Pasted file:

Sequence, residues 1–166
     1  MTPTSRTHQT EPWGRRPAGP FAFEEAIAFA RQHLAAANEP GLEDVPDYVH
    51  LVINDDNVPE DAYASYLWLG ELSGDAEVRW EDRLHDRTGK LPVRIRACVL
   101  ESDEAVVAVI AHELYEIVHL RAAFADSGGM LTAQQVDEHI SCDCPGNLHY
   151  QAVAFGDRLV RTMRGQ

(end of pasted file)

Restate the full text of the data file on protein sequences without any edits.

Sequence, residues 1–166
     1  MTPTSRTHQT EPWGRRPAGP FAFEEAIAFA RQHLAAANEP GLEDVPDYVH
    51  LVINDDNVPE DAYASYLWLG ELSGDAEVRW EDRLHDRTGK LPVRIRACVL
   101  ESDEAVVAVI AHELYEIVHL RAAFADSGGM LTAQQVDEHI SCDCPGNLHY
   151  QAVAFGDRLV RTMRGQ